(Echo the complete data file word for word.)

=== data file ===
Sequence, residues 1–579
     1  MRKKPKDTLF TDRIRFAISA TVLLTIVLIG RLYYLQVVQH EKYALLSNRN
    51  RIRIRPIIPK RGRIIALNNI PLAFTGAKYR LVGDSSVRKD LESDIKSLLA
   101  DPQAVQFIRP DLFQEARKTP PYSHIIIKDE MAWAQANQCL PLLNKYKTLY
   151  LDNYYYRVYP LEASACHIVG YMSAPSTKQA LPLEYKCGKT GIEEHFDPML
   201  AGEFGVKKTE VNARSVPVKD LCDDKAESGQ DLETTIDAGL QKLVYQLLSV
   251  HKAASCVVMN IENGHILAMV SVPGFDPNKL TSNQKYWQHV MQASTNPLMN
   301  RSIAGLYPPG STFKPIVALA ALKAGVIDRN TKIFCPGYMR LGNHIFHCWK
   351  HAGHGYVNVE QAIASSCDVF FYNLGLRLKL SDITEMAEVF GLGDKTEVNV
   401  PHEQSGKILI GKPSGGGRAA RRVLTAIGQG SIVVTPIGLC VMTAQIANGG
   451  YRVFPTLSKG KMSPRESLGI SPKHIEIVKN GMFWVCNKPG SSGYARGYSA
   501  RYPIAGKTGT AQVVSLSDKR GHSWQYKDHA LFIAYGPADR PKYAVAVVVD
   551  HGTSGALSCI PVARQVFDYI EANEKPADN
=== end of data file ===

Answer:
Sequence, residues 1–579
     1  MRKKPKDTLF TDRIRFAISA TVLLTIVLIG RLYYLQVVQH EKYALLSNRN
    51  RIRIRPIIPK RGRIIALNNI PLAFTGAKYR LVGDSSVRKD LESDIKSLLA
   101  DPQAVQFIRP DLFQEARKTP PYSHIIIKDE MAWAQANQCL PLLNKYKTLY
   151  LDNYYYRVYP LEASACHIVG YMSAPSTKQA LPLEYKCGKT GIEEHFDPML
   201  AGEFGVKKTE VNARSVPVKD LCDDKAESGQ DLETTIDAGL QKLVYQLLSV
   251  HKAASCVVMN IENGHILAMV SVPGFDPNKL TSNQKYWQHV MQASTNPLMN
   301  RSIAGLYPPG STFKPIVALA ALKAGVIDRN TKIFCPGYMR LGNHIFHCWK
   351  HAGHGYVNVE QAIASSCDVF FYNLGLRLKL SDITEMAEVF GLGDKTEVNV
   401  PHEQSGKILI GKPSGGGRAA RRVLTAIGQG SIVVTPIGLC VMTAQIANGG
   451  YRVFPTLSKG KMSPRESLGI SPKHIEIVKN GMFWVCNKPG SSGYARGYSA
   501  RYPIAGKTGT AQVVSLSDKR GHSWQYKDHA LFIAYGPADR PKYAVAVVVD
   551  HGTSGALSCI PVARQVFDYI EANEKPADN